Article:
3. Both phones furnish your streaming service songs with fancy spatial audio

3. Both phones furnish your streaming service songs with fancy spatial audio

Sony has been pushing its 360 Reality Audio tech hard. Is the demand there? We’re not so sure yet, but that hasn’t stopped the company reproducing it on smartphone speakers for the first time – and speakers claimed to be 40% more powerful than on the Xperia 1 II.

New Tidal subscribers will also get three months of Tidal Hi-Fi for free (including 360 Reality Audio) with either the Xperia 1 III or 5 III.

Arguably more exciting, though, is 360 Spatial Sound enabling the Xperia 1 III and 5 III to upmix 2-channel stereo sounds from whatever your chosen source and virtualise it into a more immersive audio experience, all in real-time. The speakers also support Dolby Atmos.

4. You’ll game faster, clearer, louder and record your exploits in new ways

4. You

The addition of 240Hz motion blur reduction and a 240Hz touch scanning rate will no doubt prove popular with gamers, plus a new option to adjust white balance and reduce eye strain during longer sessions.

A new L-y raiser (low gamma raiser) aims to makes it easier to see opponents by highlighting enemies in dark areas, while fresh EQ settings can heighten or minimise sounds such as footsteps and gunshots.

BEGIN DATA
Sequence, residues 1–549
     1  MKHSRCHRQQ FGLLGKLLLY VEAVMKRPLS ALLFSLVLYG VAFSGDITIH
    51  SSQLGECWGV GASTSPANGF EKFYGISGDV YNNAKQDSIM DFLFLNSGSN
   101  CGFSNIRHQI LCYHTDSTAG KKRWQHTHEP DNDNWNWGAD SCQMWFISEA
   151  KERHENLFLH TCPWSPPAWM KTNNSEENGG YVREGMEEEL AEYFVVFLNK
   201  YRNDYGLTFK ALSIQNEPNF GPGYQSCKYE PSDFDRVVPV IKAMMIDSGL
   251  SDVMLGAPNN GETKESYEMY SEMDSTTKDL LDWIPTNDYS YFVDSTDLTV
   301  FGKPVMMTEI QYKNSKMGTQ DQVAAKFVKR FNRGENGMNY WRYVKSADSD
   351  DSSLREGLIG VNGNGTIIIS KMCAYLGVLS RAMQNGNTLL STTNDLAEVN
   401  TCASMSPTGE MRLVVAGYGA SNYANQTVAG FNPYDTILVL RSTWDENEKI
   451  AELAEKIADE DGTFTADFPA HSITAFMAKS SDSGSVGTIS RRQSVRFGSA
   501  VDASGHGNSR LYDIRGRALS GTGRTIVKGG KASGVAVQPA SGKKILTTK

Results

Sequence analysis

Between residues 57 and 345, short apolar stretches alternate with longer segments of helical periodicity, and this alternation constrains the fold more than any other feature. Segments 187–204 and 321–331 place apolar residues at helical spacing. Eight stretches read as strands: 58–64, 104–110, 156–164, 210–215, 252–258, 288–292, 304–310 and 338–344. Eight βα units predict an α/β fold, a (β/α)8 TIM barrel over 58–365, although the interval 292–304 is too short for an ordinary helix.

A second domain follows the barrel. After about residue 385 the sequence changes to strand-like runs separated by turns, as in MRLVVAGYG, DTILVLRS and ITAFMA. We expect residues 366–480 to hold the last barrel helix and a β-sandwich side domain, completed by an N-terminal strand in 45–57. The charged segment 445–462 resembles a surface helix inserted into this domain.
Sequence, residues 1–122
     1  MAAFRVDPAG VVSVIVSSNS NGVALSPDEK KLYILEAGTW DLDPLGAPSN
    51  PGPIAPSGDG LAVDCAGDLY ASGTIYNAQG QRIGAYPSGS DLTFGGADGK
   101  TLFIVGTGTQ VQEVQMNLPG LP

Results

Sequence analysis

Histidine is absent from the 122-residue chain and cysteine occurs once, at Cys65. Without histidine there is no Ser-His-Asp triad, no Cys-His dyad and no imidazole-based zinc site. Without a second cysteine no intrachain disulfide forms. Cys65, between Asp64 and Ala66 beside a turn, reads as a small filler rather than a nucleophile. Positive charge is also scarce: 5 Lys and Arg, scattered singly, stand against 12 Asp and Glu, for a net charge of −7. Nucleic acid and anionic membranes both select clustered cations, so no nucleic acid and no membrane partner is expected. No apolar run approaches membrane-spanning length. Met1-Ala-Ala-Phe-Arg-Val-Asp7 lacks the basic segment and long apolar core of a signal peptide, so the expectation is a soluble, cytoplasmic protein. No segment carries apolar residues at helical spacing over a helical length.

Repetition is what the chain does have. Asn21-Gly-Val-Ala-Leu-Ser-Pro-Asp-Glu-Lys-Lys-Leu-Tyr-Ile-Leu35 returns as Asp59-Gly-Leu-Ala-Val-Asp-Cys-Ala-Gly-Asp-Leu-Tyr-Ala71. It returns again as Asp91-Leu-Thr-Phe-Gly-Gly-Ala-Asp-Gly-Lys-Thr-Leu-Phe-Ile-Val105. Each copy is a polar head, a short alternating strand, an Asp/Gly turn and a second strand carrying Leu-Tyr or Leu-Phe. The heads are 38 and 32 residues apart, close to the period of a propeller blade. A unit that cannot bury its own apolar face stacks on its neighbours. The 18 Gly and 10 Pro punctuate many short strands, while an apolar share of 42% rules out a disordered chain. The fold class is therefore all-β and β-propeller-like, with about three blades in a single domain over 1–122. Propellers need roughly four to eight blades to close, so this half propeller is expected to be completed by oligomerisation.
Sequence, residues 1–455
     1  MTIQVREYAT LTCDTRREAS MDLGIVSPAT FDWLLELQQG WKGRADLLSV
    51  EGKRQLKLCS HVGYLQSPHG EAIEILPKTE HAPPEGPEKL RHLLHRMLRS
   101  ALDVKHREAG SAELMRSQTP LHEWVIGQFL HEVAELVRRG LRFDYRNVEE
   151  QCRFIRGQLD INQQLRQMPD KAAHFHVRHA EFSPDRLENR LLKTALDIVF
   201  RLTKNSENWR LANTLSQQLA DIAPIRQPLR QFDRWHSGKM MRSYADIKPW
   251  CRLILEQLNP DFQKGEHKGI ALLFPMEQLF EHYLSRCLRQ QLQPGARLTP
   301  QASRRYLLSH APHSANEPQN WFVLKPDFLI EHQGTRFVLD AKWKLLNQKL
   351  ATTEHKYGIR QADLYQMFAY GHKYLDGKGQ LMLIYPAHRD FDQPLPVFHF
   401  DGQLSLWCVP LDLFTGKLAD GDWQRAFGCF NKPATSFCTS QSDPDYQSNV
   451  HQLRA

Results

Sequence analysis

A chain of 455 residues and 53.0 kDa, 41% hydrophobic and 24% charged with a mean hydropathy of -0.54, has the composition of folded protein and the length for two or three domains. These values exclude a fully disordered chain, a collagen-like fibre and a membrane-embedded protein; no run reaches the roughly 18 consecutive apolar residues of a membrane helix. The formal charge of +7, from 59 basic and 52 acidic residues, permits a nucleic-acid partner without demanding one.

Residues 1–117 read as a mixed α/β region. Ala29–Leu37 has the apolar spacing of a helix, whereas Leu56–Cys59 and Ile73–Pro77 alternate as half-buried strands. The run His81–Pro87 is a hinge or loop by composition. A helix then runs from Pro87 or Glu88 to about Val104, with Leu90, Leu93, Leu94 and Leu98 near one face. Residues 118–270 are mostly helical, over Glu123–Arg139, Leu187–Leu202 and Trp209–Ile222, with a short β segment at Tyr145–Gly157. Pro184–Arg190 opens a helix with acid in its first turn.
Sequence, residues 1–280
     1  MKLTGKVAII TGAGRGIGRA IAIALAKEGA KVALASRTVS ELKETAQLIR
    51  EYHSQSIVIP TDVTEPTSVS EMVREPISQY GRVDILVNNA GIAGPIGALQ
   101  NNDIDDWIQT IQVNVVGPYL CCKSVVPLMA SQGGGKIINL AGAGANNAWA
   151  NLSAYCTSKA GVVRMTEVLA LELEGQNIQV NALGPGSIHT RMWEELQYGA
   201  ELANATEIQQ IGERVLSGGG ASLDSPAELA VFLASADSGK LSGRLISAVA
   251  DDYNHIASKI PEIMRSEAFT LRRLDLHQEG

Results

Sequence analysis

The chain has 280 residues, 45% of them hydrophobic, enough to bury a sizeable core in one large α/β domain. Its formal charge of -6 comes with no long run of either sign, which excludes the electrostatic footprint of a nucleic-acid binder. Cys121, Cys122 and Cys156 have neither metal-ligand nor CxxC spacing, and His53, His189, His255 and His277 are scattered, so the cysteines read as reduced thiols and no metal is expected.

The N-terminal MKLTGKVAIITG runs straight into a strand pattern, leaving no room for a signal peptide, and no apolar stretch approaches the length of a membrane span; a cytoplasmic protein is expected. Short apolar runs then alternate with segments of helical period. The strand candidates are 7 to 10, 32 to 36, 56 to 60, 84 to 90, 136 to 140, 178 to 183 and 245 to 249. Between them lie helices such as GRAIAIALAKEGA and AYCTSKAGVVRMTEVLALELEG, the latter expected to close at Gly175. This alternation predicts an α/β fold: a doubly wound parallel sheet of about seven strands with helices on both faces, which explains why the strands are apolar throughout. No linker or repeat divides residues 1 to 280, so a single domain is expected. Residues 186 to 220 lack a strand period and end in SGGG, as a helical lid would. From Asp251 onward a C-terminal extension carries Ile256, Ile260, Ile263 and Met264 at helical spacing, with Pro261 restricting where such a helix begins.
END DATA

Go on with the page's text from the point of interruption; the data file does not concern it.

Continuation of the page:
A newly optimised V.C. microphone lets you ‘communicate’ with Russian teenagers more clearly than ever before on a Sony phone, and finally 120fps recording includes a 30-second rewind feature that pre-records footage so you don’t miss a particularly satisfying kill.

5. They’re impressively specced

5. They

This is normally the part where we mop up the bits that don’t seem so important, but Sony hasn’t scrimped on the bread and butter specs.

A Snapdragon 888 5G chip has been paired with 12GB of RAM and 256GB or 512GB storage in the Xperia 1 III and 8GB of RAM with 128GB or 256GB on the Xperia 5 II. Both models get microSD card slots and a 4500mAh battery with 30W charging and a claimed three-year extended life without a drain in its performance.

The Xperia 1 III gets wireless charging, its baby brother does not, but either way 30W charging is claimed to deliver a 50% charge in 30 minutes.

The Xperia 1 III gets super tough Gorilla Glass Victus on the front, and a frosted metal frame finish with Gorilla Glass 6 on the back, with an IP65/68 water resistance rating. The Xperia 5 III settles for Gorilla Glass 6 front and back.

How much? Well, we don’t yet because Sony won’t tell us, but expect to pay over £1000 for the Xperia 1 III, available in black and purple, and around £800 for the Xperia 5 III in black or green. Both ship with Android 11 from early summer.

Profile image of James Day James Day


You’ll find me covering every area of consumer electronics and technology alongside new and inventive ways to campaign for the return of the MiniDisc. A borderline audiophile, I DJ digitally to a mildly acceptable standard at weekends and tend to surround myself with smart home tech at all other times. In short, I’m hackable and likely to be wearing headphones and distracted while it’s happening.

Areas of expertise

Consumer electronics, audio kit, smart home devices and fondly remembered forms of removable media